While trying to add an index to a fairly large table today, on a server1 I’d not worked on previously, I got the following error after some time (and while I was away from the computer):
mysql> ALTER TABLE t -> ADD KEY `index_a` (`a`), -> ADD KEY `index_b` (`b`), -> ADD KEY `index_c` (`c`); ERROR 1114 (HY000): The table 't' is full
The error log did not bring particular enlightenment (as usual, InnoDB is extremely verbose with the logs, without saying anything useful):
110105 16:22:30 InnoDB: Error: Write to file (merge) failed at offset 4 1387266048. InnoDB: 1048576 bytes should have been written, only 888832 were written. InnoDB: Operating system error number 0. InnoDB: Check that your OS and file system support files of this size. InnoDB: Check also that the disk is not full or a disk quota exceeded. InnoDB: Error number 0 means 'Success'. InnoDB: Some operating system error numbers are described at InnoDB: http://dev.mysql.com/doc/refman/5.1/en/operating-system-error-codes.html 110105 16:23:00 [ERROR] /usr/sbin/mysqld: The table 't' is full
I had to re-run the command while keeping a close eye on things, and I discovered that it was writing significant amounts of data to the root file system (which isn’t very big, as usual). I looked in all the usual places, and didn’t see any files of note. However, on a hunch, I checked out /proc/<pid>/fd (which can be a lifesaver). I found these:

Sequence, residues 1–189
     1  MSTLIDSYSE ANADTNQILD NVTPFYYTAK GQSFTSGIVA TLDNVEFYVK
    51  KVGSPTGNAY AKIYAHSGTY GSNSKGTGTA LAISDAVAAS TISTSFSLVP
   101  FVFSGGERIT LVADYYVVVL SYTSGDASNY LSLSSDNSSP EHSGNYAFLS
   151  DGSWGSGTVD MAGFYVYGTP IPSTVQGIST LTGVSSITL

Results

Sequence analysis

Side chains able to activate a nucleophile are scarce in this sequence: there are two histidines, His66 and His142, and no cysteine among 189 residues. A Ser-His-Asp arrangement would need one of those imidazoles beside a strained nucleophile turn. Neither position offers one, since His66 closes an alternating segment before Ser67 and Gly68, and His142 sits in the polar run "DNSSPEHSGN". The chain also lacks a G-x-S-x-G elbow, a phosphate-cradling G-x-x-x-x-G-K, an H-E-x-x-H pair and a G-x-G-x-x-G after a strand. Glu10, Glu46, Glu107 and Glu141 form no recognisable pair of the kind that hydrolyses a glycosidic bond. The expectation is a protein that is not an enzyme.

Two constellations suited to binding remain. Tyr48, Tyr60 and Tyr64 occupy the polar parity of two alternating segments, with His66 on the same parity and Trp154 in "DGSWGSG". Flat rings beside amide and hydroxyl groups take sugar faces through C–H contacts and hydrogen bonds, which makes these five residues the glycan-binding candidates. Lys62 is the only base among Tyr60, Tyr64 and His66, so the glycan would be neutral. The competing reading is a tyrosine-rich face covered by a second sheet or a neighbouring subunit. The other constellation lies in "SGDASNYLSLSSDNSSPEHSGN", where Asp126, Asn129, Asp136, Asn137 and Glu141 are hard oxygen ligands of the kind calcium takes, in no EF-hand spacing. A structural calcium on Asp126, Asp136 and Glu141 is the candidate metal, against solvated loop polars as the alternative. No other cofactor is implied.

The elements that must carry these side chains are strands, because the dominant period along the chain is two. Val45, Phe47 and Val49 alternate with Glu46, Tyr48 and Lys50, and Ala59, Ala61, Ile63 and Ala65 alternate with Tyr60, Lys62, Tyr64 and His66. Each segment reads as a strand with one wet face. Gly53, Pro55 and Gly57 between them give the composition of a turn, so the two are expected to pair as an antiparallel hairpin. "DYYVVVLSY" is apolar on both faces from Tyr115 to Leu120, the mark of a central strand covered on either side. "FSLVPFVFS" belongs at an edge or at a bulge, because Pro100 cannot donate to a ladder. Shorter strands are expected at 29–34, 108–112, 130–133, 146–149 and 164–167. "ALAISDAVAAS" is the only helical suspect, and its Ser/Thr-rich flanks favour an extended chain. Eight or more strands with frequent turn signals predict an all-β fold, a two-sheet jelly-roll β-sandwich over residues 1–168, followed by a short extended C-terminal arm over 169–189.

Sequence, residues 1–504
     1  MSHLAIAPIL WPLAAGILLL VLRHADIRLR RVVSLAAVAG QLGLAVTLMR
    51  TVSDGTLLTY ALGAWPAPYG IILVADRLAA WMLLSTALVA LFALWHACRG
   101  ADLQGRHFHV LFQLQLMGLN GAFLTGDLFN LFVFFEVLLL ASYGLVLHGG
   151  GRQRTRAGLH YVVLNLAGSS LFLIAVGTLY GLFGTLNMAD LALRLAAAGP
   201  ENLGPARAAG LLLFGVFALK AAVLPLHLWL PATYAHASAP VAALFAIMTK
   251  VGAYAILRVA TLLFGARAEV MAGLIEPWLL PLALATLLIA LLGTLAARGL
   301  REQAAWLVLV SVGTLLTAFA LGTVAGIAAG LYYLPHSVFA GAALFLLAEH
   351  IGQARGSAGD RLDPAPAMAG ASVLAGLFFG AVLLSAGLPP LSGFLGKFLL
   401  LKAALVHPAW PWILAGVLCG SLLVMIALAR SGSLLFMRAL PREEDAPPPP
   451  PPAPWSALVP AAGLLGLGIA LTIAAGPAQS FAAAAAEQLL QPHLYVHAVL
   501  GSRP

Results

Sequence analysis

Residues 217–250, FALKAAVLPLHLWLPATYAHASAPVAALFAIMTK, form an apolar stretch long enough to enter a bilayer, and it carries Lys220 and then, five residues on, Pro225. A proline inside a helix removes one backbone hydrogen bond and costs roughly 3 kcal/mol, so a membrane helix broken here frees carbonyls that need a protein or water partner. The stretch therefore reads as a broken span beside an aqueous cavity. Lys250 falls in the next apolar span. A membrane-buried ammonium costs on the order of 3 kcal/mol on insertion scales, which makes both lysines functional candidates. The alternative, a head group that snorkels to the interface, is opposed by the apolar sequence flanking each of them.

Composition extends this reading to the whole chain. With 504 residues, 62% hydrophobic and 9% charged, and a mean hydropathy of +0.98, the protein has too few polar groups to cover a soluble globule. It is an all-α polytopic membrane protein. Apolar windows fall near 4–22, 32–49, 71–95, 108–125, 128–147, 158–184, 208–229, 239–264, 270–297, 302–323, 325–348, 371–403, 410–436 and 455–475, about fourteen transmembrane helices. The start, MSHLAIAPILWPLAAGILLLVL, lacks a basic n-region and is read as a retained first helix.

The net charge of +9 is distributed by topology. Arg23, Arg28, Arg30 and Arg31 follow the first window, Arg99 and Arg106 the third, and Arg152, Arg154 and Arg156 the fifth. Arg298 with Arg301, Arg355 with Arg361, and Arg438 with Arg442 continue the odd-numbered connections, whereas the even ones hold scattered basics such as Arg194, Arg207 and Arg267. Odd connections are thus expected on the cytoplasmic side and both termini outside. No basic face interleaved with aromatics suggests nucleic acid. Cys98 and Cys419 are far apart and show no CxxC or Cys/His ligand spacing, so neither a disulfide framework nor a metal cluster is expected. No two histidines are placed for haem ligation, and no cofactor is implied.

# ls -l /proc/`pidof mysqld`/fd | grep deleted lrwx------ 1 root root 64 Jan 5 17:33 14 -> /var/tmp/ibEnEaSj (deleted) lrwx------ 1 root root 64 Jan 5 17:33 5 -> /var/tmp/ibEoZHQc (deleted) lrwx------ 1 root root 64 Jan 5 17:33 6 -> /var/tmp/ibHlWZb3 (deleted) lrwx------ 1 root root 64 Jan 5 17:33 7 -> /var/tmp/ibUtVhxT (deleted) lrwx------ 1 root root 64 Jan 5 17:33 8 -> /var/tmp/ibt1daDR (deleted)
I can only assume it’s one of these files that’s growing. Changing the setting of tmpdir fixed things up, and it’s writing its large data files to a place with significant space now (and on a much bigger and faster RAID array, to boot). However, this brings with it a couple of questions:
- Why does InnoDB need significant space in tmpdir? This is a new requirement with InnoDB plugin (due to online index addition only?), but I don’t see it documented anywhere.2
- Why are the files deleted while in use? This makes it very painful for a DBA to manage it and see what’s using space. I know it’s a typical Unix paradigm, but cleanup-on-start and leaving the files linked is much easier to manage.
- Why are the error messages useless? How else is a DBA supposed to track this down?
I could also note that using online index add makes useless the only previous way of getting some sort of a status update while adding indexes: watching the temporary file grow. Perhaps it’s time to bring back my patch to show progress (MySQL Bug #26182)?
1 Running MySQL-server-percona-5.1.42-9.rhel5 with innodb_version = 1.0.6-9.
2 Perhaps it should go on Fast Index Creation in the InnoDB Storage Engine: Limitations at very least?